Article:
Important Safety Information:


Interstitial Lung Disease (ILD)/Pneumonitis.
ILD/pneumonitis, which can be fatal, occurred in patients treated with TABRECTA® (capmatinib) tablets. ILD/pneumonitis occurred in 4.5% of patients trea...

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Indication
TABRECTA® (capmatinib) tablets is indicated for the treatment of adult patients with metastatic non-small cell lung cancer (NSCLC) whose tumors have a mutation that leads to mesenchymal-epithelial transition (MET) exon 14 skipping as detected by an FDA-approved test.

This indication is approved under accelerated approval based on overall response rate and duration of response. Continued approval for this indication may be contingent upon verification and description of clinical benefit in confirmatory trials.

MET Exon 14 Skipping

Why Mutations Leading to MET Exon 14 Skipping (METex14) Matter

METex14 is an oncogenic driver in mNSCLC.1

METex14 has a prevalence of ~3%, representing ~4,000-5,000 patients with mNSCLC per year in the United States.2-10*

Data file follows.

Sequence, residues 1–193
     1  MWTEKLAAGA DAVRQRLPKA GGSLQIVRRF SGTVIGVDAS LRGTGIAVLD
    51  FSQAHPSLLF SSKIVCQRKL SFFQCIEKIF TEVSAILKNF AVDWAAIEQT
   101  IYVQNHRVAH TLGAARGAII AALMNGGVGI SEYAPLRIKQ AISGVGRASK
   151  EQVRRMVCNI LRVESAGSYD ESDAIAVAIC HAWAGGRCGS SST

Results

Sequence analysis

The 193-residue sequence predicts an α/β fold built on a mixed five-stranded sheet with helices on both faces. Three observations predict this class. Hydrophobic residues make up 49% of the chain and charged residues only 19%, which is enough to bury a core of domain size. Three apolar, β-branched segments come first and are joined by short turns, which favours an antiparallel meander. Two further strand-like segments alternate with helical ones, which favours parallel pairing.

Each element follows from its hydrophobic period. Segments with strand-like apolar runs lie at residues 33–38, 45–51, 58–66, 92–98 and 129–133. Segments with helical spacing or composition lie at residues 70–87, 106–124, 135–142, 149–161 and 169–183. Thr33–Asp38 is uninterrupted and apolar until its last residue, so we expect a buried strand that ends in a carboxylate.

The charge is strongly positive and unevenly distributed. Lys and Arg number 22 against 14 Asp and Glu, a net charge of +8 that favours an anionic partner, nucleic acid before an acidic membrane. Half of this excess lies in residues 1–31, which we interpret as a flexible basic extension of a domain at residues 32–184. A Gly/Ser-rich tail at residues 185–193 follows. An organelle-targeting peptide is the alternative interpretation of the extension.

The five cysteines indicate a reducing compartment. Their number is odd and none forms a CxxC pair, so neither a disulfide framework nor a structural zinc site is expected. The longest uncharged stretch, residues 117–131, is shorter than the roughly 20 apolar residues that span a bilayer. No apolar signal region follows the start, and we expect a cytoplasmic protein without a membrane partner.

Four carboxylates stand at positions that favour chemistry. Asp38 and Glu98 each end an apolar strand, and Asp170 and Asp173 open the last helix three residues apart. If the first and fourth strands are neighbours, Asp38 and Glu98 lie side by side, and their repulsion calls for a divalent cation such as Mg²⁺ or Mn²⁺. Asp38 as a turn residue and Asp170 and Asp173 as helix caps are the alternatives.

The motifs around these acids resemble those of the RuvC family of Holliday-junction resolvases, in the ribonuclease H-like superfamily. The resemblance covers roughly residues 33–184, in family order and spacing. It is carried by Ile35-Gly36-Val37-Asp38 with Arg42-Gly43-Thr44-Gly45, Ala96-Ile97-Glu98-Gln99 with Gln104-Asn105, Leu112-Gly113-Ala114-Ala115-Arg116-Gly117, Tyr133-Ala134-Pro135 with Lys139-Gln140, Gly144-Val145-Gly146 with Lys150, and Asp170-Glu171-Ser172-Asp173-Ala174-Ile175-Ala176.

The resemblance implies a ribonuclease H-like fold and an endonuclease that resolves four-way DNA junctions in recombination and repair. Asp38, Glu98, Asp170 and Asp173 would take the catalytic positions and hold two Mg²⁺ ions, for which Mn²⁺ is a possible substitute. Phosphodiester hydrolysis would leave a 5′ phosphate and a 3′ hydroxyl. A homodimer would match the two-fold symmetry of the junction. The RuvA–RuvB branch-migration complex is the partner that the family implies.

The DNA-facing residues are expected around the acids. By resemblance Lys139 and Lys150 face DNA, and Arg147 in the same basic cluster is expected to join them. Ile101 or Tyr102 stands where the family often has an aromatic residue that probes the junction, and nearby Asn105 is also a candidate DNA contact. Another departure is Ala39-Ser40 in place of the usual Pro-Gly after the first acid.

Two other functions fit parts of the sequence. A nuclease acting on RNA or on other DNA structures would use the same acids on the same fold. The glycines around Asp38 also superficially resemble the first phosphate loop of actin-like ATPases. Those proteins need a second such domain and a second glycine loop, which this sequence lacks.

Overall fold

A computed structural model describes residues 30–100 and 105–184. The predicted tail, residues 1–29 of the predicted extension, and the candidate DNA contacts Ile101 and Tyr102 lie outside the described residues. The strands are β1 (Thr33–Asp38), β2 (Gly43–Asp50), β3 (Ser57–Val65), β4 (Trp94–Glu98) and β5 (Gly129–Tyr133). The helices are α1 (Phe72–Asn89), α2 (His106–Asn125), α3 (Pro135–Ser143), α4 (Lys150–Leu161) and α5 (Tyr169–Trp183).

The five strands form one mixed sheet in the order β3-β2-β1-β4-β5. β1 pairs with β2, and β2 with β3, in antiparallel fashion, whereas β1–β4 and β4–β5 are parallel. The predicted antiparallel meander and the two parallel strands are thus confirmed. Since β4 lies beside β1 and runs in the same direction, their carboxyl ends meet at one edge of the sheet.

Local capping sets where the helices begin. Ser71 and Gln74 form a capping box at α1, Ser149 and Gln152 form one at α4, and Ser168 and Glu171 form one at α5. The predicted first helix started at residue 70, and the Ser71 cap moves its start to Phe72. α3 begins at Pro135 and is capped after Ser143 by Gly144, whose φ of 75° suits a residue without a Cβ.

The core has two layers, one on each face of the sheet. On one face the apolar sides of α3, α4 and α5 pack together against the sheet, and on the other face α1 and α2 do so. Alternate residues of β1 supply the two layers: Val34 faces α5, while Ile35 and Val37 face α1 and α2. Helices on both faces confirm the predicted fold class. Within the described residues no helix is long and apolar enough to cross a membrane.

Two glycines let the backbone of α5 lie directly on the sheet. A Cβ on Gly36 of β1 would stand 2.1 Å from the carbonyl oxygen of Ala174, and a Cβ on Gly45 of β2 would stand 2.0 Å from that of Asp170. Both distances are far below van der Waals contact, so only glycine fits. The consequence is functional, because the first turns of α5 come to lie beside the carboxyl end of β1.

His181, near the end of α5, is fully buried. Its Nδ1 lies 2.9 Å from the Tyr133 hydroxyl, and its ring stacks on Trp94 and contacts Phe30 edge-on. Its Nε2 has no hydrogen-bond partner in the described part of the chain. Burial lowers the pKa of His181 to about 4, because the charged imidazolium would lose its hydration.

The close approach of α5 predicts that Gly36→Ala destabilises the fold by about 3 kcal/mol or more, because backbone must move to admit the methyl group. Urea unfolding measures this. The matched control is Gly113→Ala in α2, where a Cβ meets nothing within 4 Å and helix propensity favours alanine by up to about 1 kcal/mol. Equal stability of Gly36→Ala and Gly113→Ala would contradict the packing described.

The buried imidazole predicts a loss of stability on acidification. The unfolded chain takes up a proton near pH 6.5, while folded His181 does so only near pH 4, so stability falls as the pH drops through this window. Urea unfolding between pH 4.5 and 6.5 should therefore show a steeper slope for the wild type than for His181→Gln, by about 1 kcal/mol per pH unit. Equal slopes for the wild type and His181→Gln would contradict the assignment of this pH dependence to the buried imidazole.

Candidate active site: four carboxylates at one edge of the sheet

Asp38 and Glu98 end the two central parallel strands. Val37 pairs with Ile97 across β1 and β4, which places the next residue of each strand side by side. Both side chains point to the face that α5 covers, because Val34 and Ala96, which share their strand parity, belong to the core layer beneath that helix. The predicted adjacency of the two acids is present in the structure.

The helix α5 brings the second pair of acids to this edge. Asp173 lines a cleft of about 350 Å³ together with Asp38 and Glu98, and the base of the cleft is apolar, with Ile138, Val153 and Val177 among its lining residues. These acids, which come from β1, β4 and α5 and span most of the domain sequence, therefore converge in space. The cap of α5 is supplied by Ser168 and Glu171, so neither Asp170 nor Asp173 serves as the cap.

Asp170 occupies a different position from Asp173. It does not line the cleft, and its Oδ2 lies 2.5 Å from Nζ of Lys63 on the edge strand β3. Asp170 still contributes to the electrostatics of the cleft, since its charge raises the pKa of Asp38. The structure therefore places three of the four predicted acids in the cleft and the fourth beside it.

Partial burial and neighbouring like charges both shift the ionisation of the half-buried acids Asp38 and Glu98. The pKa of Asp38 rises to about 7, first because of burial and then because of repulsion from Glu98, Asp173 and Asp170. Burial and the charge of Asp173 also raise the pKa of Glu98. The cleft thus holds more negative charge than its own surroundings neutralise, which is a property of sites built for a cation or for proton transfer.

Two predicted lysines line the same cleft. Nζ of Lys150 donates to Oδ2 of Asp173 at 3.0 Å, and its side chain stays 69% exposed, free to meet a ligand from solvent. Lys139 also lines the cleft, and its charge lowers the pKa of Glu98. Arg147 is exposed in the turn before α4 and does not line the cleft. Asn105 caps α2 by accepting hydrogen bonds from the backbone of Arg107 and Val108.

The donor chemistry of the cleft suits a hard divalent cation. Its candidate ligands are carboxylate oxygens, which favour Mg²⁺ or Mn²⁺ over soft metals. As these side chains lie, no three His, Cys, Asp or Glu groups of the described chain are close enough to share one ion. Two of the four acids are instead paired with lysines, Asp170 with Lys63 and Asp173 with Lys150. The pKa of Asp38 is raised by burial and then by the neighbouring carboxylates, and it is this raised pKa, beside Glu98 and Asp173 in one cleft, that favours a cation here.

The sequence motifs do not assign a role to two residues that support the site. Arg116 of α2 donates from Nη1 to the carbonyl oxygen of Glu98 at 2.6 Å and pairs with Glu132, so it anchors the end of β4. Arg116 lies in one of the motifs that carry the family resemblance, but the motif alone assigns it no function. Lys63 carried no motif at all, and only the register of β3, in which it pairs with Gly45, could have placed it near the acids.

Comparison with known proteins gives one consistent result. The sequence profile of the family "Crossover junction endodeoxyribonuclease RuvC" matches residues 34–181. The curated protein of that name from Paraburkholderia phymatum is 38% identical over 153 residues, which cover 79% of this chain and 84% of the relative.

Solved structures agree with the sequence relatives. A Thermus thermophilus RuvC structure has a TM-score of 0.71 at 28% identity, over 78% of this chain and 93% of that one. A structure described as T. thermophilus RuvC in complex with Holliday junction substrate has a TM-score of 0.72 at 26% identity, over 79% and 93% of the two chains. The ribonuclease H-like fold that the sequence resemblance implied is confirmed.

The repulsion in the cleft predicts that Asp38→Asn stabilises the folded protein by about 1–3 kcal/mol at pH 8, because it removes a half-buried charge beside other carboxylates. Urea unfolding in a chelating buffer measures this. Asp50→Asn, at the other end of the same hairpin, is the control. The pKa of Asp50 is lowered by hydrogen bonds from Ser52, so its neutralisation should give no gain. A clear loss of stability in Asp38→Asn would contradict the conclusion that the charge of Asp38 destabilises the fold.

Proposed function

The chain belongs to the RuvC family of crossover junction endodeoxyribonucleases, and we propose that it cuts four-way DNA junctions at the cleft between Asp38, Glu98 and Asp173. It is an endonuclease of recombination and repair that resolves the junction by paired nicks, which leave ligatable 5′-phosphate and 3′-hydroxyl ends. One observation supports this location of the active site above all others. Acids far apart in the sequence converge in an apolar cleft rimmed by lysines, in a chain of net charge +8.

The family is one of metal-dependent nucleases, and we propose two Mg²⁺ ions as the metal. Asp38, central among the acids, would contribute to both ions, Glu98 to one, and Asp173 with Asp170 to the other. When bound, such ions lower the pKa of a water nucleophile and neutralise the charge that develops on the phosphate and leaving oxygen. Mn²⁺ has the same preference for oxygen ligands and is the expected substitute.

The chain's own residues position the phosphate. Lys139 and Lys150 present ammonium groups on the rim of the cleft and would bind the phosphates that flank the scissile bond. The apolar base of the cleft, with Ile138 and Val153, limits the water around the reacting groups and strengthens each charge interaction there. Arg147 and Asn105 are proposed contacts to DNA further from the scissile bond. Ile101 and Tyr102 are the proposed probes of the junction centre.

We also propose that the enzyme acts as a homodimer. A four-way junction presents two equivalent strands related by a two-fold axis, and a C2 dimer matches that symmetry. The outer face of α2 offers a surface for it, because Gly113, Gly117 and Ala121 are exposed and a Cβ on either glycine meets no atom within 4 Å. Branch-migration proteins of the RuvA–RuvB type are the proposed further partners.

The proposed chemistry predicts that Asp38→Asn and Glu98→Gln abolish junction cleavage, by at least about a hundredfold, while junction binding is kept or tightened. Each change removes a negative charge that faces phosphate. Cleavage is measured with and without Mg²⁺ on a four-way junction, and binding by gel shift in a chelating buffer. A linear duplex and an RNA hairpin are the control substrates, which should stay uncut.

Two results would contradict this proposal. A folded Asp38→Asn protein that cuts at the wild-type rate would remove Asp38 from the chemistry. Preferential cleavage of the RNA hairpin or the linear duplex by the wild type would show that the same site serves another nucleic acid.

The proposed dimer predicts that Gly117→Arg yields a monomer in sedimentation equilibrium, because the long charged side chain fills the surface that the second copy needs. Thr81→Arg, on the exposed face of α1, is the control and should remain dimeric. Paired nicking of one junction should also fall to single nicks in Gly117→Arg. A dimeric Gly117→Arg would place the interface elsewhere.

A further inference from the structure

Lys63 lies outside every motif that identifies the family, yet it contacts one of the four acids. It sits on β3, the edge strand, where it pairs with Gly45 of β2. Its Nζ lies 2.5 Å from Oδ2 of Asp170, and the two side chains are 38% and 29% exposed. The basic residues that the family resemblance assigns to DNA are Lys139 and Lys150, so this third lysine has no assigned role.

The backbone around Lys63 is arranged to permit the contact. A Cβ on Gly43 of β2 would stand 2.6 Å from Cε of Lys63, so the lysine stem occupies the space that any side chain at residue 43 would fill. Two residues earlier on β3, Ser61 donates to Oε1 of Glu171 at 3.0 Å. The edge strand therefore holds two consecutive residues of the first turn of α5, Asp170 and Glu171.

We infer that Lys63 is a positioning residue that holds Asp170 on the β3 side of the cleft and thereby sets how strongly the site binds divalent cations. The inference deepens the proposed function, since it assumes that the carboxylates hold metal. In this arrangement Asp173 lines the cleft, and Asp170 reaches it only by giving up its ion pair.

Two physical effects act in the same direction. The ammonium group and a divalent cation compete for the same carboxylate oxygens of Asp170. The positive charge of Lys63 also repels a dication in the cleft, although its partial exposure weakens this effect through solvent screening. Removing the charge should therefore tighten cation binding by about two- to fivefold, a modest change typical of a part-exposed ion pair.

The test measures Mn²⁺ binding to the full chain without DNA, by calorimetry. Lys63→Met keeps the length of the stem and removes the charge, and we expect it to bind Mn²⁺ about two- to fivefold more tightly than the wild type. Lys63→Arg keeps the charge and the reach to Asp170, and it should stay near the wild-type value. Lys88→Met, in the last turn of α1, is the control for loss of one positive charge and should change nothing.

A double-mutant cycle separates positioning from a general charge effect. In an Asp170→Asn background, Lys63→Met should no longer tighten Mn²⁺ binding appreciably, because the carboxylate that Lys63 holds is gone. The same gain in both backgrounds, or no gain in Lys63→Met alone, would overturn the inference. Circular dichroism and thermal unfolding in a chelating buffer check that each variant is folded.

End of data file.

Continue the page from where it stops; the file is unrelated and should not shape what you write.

• NSCLC is a heterogeneous disease with many genomic mutations

  • The prevalence of METex14 is similar to that of other genomic mutations, such as ALK fusions (~3%-4%), BRAF mutations (~3%-4%), and ROS1 fusions (~1%-2%)

Patients with METex14 in mNSCLC face a poor prognosis.11-13

  • Many of these patients may have bone, liver, and brain metastases, which are associated with poor outcomes

ALK, anaplastic lymphoma kinase; BRAF, v-raf murine sarcoma viral oncogene homolog B1; MET, mesenchymal-epithelial transition; mNSCLC, metastatic non-small cell lung cancer; ROS1, ROS proto-oncogene 1, tyrosine receptor kinase. 
*This calculation is based on a 3% prevalence rate and mNSCLC–specific incidence and recurrence data from Kantar Health.


Companion Diagnostics for TABRECTA

FoundationOne®CDx

With FDA-approved tissue- and blood-based diagnostics, there are options for determining METex14 status

 

To inform up-front treatment planning, test every patient with mNSCLC at diagnosis

 

Tissue-based FoundationOne®CDx 

  • In a retrospective analysis, FoundationOne®CDx demonstrated a 99% positive percentage agreement (n=72/73) with the RNA-based RT-PCR clinical trial assay (CTA) that confirmed METex14 in patients taking TABRECTA® (capmatinib) tablets in GEOMETRY mono-114*
    • Negative percentage agreement was 100% (125/125)15‡
99% positive percentage agreement (72/73)

Blood-based FoundationOne®Liquid CDx 

  • In a retrospective analysis, FoundationOne®Liquid CDx demonstrated a 71% positive percentage agreement (n=55/78) with the CTA that confirmed METex14 in patients taking TABRECTA in GEOMETRY mono-116§||